Money-Market-Like ETFs Cash In

Money-Market-Like ETFs Cash In

More investors are turning to ETFs to equitize cash, and there’s a growing number of funds to meet that demand.

Reviewed by: Cinthia Murphy
Edited by: Cinthia Murphy

Joe BarratoInstitutional investors are reportedly turning toward ETFs, particularly ultra-short-term bond funds, as their choice du jour to equitize massive amounts of cash. Think funds like the $7.3 billion PIMCO Enhanced Short Maturity Active ETF (MINT), the$2.6 billion iShares Short Maturity Bond ETF (NEAR) and the newcomer Arrow Reserve Capital Management ETF (ARCM), with $50 million in assets. Together they have attracted more than $2 billion in combined new assets in 2017. Meanwhile, money market mutual funds have faced net redemptions this year. Joe Barrato, CEO of Arrow Funds, talks about the space and why these ETFs are winning the race.


(The chart plots the year-to-date performance of MINT and NEAR relative to the iShares Core U.S. Aggregate Bond ETF (AGG). StockCharts had not enough data on ARCM because it’s recently launched.) Chart courtesy of Is the challenge of generating income getting harder? Are ETFs changing the way investors solve for that?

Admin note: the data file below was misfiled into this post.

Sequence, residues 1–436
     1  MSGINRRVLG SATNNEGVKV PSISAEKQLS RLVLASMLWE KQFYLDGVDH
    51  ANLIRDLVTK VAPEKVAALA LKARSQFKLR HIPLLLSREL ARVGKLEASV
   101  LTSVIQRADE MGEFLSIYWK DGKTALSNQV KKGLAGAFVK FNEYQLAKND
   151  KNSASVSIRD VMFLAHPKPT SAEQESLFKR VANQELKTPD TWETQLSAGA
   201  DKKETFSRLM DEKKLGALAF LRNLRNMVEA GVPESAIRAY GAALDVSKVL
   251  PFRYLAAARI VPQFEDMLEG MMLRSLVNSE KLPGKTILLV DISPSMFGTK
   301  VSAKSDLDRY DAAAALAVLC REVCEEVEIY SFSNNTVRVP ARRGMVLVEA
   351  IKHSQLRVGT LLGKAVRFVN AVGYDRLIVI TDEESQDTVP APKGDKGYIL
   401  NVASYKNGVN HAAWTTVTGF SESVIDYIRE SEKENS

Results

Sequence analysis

Joe Barrato: From a big-picture perspective, we're entering a period where interest rates are going to rise, and in a rising rate environment, what tends to lag are things like long-term and intermediate-term Treasuries, compared to things like munis and aggregate bond index. Things with higher yield tend to do very well, like high-yield bonds, REITs, sovereign debt from overseas.

There's a gamut of products in the ETF realm investors can use. For example, higher-yielding ETFs like high-yield bonds and preferred stock funds are delivering in the 5-6% range. In the 4-5% range, you've got energy and limited partnership products; you've got global real estate. At the other end, you've got your standard equity instruments, the large growth, the large blend, going from 0-2% in yield, and then the short-term bonds.

As a firm, we approach it two ways. We have a very-high-volatility approach in a portfolio that’s 60% equities and 40% bonds, which is the Arrow Dow Jones Global Yield ETF (GYLD). And we have the Arrow Reserve Capital Management ETF (ARCM), which is all about what you’re doing with your cash. It’s a reserve cash management strategy that delivers consistent yield with the same amount of volatility as a money market fund, but with a much higher Sharpe ratio.

But the bottom line is that ETFs are viable solutions that, in this segment, weren’t available 10 years ago. How does ARCM, which is months old, compare to other money-marketlike strategies such as MINT and NEAR?